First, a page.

Our Miami bankruptcy law blog has extensively discussed how the economy and foreclosure crisis have devastated many families who have had to give up their Florida homes these past few years. To make matters worse, it was discovered last fall that many lenders and banks were following faulty foreclosure practices in order to quickly process foreclosures without proper documentation and signatures.
In response to the foreclosure malpractice, the federal government recently announced a new set of consent orders large banks and lenders must follow. The new consent orders are an attempt to fix the damage the foreclosure scandal caused for many struggling homeowners in Florida and across the entire nation. Lenders may possibly have to spend billions in order to right the flawed foreclosures.
Lenders and banks will be required by the federal government to hire consultants to review their foreclosure files. The consultants will review foreclosures that were filed, pending or repossessed between Jan. 1, 2009 and Dec. 31, 2010. If a faulty foreclosure file is discovered, the affected homeowners may be eligible to receive compensation for their financial losses. In Florida’s Palm Beach County, more than 51,000 foreclosures were filed during Jan. 1, 2009 and Dec. 31, 2010.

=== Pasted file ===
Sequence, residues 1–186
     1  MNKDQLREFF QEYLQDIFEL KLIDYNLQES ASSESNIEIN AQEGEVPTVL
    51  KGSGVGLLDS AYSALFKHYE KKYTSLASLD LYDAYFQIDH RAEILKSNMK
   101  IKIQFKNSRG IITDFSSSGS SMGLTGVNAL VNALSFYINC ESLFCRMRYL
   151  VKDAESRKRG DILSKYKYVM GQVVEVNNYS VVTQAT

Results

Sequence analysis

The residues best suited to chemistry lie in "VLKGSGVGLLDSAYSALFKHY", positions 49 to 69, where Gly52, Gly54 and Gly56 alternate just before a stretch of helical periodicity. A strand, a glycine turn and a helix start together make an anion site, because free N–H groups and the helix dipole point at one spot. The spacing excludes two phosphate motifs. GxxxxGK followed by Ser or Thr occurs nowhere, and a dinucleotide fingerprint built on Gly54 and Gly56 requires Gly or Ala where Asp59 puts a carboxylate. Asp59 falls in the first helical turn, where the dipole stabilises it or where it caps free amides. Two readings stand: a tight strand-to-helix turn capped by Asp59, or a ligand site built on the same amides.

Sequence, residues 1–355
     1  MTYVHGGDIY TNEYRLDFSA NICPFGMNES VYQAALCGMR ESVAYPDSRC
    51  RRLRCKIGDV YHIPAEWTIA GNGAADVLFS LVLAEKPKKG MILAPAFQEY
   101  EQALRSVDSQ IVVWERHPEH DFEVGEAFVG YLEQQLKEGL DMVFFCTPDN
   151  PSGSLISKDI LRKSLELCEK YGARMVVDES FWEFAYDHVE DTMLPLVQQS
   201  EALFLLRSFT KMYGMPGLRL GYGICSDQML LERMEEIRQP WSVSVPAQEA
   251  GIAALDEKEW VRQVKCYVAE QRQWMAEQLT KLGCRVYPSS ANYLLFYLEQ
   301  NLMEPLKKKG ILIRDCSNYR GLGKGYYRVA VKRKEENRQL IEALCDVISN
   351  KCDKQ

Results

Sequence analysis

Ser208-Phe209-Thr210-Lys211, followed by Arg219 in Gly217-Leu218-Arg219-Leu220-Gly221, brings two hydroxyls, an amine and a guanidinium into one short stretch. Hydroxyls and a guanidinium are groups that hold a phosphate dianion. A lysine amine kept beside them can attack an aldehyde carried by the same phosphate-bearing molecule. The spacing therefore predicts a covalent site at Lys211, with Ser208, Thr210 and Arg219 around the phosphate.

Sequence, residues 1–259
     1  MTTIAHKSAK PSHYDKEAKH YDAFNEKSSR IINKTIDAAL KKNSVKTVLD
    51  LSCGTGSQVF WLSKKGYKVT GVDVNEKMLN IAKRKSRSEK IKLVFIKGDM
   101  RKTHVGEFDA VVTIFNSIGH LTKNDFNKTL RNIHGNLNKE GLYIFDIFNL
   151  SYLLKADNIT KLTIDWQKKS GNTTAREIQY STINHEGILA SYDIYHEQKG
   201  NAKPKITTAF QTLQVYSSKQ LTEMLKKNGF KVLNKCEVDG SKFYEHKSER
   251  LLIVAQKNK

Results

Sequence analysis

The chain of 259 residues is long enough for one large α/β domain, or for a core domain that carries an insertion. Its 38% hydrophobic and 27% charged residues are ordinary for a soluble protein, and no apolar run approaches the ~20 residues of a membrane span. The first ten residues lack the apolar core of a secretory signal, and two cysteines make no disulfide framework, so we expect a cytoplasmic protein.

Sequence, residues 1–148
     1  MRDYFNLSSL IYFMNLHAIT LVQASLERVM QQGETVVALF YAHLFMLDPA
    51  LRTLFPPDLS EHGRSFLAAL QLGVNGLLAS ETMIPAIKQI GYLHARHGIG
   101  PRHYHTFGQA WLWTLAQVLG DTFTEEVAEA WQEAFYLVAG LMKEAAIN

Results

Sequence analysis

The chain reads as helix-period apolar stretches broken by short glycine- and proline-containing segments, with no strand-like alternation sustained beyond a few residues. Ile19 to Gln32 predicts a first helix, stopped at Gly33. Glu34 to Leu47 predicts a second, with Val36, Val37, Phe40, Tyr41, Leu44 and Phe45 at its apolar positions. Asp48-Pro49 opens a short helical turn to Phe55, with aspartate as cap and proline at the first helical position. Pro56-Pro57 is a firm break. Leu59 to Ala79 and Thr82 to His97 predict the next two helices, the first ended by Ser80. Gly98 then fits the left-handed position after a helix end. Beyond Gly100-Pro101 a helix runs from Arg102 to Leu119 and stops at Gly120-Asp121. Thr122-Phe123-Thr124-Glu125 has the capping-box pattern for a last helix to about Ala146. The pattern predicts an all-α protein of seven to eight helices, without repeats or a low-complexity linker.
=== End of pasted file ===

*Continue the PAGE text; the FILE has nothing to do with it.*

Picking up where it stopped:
Although many homeowners may be reimbursed for their financial distress caused by a faulty foreclosure, the consent orders may come too late for other homeowners. One Florida couple commented that they will never be able to recover the loss of their home to a faulty foreclosure. The couple had been in the middle of negotiating a loan modification in order to prevent their house from going into foreclosure. However, the bank sold the couple’s home at a foreclosure auction.
The couple was ordered out of the home that they had lived in for almost 20 years. They moved on and signed a one-year lease for an apartment, but two months later the couple’s lender notified them that they had been approved for the mortgage modification. Because the couple had already signed a lease for a new apartment, the couple had to turn down the lender’s late offer.
The Palm Beach Post: “Fixing flawed foreclosures could cost lenders billions,” Kimberly Miller, 15 Apr. 2011